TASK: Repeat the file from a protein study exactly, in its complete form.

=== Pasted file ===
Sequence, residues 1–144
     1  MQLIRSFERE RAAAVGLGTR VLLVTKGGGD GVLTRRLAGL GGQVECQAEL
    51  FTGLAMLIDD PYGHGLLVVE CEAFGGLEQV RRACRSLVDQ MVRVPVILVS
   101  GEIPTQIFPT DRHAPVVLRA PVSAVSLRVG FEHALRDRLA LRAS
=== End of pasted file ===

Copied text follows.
Sequence, residues 1–144
     1  MQLIRSFERE RAAAVGLGTR VLLVTKGGGD GVLTRRLAGL GGQVECQAEL
    51  FTGLAMLIDD PYGHGLLVVE CEAFGGLEQV RRACRSLVDQ MVRVPVILVS
   101  GEIPTQIFPT DRHAPVVLRA PVSAVSLRVG FEHALRDRLA LRAS